News Column

Republicans Propose Extending Debt Ceiling

October 10, 2013

Big News Network

john boehner
House Speaker John Boehner (file photo)

WASHINGTON - US Republicans have proposed a six-week extension to the debt ceiling to stave off default.

House of Representatives Speaker John Boehner said they would do so in exchange for negotiations with the White House to end a government shutdown that took effect on 1 October.

Boehner said the measure would advance if President Barack Obama agrees to negotiate over reopening the government and to "start to deal with America's pressing problems".

According to AP, White House spokesman Jay Carney said that Obama "would likely sign" a clean bill increasing the debt cap but that the president also wants Republicans to reopen the government.

He did not rule out Obama agreeing to Boehner's debt ceiling proposal if the government remains closed, but the White House made no promises that Obama would hold negotiations under those circumstances.

"He will not pay ransom in exchange for the Republicans in the House doing their job," Carney said.

House Republicans haven't specified what they plan to tie to the measure and Carney said the White House would need to see a bill before accepting it, said Bloomberg.

"The president is happy that cooler heads at least seem to be prevailing in the House, that there at least seems to be a recognition that default is not an option," Carney said.

Boehner's plan marks the first sign that the parties may be able to resolve the impasse without the catastrophic economic consequences that the Treasury Department said would stem from a default.

It wouldn't end the partisan budget fights that have led to fiscal brinkmanship at least four times since Republicans took over the House in January 2011.

"It's time for leadership," Boehner, an Ohio Republican, told reporters in the Capitol

Thursday. "It's time for these negotiations and this conversation to begin." Obama is to meet with Boehner and other House GOP leaders at the White House Thursday afternoon.

Obama, a Democrat, has said consistently that Republicans must reopen the government and prevent the threat of a first-ever government default before he will negotiate over the budget and other conditions Republicans have sought.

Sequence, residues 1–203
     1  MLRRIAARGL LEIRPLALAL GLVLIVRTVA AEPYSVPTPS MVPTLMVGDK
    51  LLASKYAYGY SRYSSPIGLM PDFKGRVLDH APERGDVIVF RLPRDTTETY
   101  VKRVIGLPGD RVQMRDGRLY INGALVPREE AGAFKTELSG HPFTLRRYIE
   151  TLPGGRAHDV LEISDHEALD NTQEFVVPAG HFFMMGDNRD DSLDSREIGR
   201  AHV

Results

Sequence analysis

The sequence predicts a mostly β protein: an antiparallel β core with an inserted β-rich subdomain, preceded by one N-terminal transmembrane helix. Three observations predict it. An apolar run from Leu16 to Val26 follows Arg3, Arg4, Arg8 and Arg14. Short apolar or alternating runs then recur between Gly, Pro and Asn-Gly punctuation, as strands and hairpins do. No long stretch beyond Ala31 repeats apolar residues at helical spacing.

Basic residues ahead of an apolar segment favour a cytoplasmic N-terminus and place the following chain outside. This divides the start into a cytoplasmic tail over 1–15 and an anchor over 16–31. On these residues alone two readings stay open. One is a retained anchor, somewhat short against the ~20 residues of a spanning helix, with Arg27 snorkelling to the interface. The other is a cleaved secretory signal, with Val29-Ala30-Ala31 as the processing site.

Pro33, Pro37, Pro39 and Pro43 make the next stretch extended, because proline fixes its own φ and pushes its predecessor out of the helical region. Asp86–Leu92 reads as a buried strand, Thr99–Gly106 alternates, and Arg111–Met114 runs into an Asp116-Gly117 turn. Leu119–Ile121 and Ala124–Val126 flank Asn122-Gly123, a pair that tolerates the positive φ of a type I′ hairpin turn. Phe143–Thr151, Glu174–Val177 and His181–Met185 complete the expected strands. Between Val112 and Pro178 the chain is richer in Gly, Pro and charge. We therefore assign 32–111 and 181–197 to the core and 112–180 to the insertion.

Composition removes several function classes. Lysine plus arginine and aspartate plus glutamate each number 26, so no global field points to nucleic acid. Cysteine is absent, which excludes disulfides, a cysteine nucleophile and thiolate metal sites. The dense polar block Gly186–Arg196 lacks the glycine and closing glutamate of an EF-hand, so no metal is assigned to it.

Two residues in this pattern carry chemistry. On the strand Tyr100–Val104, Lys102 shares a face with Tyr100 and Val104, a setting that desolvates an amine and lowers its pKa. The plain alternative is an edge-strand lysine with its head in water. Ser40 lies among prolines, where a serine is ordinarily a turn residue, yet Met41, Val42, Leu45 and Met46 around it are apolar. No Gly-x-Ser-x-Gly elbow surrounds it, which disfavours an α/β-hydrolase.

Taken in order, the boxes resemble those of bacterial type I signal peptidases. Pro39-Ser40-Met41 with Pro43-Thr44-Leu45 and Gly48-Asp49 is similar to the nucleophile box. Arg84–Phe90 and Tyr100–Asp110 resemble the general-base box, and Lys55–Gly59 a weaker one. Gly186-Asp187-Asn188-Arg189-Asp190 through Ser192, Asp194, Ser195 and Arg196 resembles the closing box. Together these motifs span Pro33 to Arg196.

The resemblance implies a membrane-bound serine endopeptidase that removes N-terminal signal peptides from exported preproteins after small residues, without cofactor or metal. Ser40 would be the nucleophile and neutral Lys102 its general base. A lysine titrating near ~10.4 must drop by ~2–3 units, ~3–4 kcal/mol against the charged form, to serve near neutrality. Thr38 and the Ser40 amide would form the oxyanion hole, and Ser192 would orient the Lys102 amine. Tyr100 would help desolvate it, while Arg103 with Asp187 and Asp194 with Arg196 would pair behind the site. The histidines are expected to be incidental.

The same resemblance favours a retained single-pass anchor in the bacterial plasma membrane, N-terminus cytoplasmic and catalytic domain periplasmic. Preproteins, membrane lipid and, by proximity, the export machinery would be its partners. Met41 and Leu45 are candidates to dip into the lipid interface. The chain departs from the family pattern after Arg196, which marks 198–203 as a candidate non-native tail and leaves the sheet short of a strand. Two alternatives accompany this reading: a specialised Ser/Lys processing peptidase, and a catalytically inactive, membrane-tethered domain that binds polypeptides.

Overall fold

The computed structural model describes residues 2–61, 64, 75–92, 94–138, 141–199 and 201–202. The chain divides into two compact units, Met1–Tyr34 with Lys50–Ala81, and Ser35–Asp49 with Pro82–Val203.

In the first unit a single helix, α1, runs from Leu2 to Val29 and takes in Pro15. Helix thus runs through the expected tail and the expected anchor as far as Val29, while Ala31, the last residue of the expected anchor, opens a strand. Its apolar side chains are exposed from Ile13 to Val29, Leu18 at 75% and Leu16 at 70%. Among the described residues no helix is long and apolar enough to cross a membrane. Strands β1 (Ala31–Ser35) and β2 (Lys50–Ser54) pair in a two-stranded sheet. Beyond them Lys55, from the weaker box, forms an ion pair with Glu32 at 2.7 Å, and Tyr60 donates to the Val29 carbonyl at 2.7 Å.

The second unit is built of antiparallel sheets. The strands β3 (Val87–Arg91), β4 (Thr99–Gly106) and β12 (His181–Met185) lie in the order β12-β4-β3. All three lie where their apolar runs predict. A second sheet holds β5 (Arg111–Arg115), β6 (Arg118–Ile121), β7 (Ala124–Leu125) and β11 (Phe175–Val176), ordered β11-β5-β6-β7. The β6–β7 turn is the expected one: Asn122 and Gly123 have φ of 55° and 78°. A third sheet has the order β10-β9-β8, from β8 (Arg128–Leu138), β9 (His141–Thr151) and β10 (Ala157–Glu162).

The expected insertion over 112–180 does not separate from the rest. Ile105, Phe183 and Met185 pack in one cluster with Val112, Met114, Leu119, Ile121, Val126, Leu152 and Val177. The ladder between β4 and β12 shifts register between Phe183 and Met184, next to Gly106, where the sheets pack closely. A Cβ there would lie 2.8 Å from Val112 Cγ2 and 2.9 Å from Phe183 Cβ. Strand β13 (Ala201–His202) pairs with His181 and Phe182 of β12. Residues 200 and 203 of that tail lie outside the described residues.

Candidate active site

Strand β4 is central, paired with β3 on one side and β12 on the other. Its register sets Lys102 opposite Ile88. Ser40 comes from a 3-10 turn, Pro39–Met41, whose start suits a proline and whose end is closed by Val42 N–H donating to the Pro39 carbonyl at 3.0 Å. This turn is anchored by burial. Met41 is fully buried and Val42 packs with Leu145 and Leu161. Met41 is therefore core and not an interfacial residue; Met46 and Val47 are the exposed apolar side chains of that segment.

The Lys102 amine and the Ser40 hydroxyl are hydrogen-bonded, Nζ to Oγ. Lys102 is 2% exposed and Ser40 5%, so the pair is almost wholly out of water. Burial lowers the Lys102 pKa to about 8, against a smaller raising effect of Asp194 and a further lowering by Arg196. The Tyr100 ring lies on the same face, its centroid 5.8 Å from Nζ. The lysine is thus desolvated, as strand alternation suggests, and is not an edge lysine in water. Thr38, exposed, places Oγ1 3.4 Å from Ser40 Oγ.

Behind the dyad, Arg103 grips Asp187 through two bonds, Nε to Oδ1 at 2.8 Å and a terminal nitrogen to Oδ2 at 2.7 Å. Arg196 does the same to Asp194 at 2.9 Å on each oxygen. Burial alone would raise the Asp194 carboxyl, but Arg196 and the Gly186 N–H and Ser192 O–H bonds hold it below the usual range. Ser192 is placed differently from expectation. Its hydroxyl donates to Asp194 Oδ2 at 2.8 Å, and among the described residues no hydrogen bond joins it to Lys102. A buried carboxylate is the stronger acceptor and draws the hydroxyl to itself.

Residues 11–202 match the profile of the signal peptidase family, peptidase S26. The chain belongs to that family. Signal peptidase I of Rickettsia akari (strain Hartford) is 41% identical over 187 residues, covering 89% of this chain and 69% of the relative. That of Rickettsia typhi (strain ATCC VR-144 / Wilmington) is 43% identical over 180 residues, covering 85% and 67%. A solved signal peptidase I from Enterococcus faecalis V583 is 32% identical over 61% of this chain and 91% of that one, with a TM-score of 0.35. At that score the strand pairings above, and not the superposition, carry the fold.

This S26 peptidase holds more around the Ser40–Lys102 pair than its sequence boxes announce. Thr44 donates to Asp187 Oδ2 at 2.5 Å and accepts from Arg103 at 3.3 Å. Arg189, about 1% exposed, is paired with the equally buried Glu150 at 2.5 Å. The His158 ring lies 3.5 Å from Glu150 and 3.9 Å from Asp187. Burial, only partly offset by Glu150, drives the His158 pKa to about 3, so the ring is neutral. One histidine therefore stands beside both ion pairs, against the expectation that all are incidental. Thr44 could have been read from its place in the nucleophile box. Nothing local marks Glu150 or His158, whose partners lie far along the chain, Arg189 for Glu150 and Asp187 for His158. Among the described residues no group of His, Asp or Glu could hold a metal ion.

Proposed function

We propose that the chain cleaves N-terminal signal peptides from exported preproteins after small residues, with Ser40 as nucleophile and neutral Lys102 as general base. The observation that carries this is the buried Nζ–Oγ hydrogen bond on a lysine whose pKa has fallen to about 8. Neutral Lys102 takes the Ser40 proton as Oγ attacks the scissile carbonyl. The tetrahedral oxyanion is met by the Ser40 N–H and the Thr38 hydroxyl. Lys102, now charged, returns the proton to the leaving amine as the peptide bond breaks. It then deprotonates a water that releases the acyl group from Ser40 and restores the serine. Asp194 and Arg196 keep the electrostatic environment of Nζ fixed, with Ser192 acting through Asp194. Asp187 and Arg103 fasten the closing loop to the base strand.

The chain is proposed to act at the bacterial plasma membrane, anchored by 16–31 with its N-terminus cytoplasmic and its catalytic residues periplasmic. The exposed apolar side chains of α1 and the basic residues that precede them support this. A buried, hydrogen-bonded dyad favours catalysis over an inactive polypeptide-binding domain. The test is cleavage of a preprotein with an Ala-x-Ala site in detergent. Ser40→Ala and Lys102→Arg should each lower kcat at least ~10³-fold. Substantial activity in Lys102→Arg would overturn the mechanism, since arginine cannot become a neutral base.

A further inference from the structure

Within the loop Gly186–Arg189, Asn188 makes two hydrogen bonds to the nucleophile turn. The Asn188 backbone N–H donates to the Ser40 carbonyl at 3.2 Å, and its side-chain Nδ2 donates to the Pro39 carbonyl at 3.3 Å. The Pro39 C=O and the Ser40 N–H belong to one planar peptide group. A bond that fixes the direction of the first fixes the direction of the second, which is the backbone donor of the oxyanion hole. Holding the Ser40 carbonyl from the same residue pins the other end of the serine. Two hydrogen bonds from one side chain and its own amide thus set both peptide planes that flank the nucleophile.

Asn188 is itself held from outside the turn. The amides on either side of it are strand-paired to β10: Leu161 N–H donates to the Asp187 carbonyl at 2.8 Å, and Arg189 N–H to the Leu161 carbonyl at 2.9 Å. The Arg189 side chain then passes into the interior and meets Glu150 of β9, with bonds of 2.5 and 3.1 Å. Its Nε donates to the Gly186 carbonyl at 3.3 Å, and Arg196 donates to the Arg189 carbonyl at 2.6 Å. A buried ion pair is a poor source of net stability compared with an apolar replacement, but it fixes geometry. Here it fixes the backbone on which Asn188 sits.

Boehner also said he would appoint House negotiators to try to sort out differences between vastly different House- and Senate-passed budget blueprints.

Officials have warned the US risks default on 17 October if the nation's borrowing limit is not increased.

Boehner told reporters on Thursday: "What we want to do is to offer the president today the ability to move a temporary increase in the debt ceiling in agreement to go to conference on the budget for his willingness to sit down and discuss with us a way forward to reopen the government."

After weeks of decline, financial market indexes shot higher in anticipation of a possible deal that could avert a federal financial default. Both the Dow Jones industrial average and Standard Poor's 500 index were up well over 1 percent in afternoon trading

"I would hope the president would look at this as an opportunity and a good faith effort on our part to move halfway, halfway to what he's demanded, in order to have these conversations begin," Boehner, R-Ohio, told reporters after presenting the plan to rank-and-file GOP lawmakers.

Boehner produced his proposal as the shutdown entered its 10th day. On that front, the administration said it would allow states to use their own money to reopen some national parks that have been closed, said AP.

Governors in at least four states Utah, South Dakota, Arizona and Colorado have asked for authority to reopen national parks within their borders because of the economic impact of the closures.

Earlier, Treasury Secretary Jack Lew told a congressional panel that skipping a payment on US debt would trigger a potentially profound financial crisis.

"It would be chaos," Lew told the Senate hearing.

Since the US hit its debt ceiling in May, the Treasury has been using what are called extraordinary measures to keep paying the bills, but those methods will be exhausted by 17 October, Lew has said.

The senior Republican on the panel, Senator Orrin Hatch, accused the Obama administration of "an apparent effort to whip up uncertainty in the markets".

But International Monetary Fund chief Christine Lagarde warned that failure by Washington to raise the federal debt ceiling would wreak serious damage on the US and global economies.

The impasse over the debt limit has already rattled markets and increased the interest rate for one-month US Treasury bills. Stocks began to rebound on Thursday on news of a possible breakthrough.

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Original headline: Republicans propose 6 week extension to debt ceiling

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